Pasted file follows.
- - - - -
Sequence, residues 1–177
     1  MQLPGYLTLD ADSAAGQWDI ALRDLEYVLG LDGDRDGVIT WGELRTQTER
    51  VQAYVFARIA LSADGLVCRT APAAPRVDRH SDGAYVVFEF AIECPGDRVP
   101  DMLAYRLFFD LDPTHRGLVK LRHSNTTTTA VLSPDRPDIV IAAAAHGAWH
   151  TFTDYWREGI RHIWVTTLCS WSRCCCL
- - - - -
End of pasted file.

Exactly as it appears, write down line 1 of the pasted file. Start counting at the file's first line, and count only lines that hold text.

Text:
Sequence, residues 1–177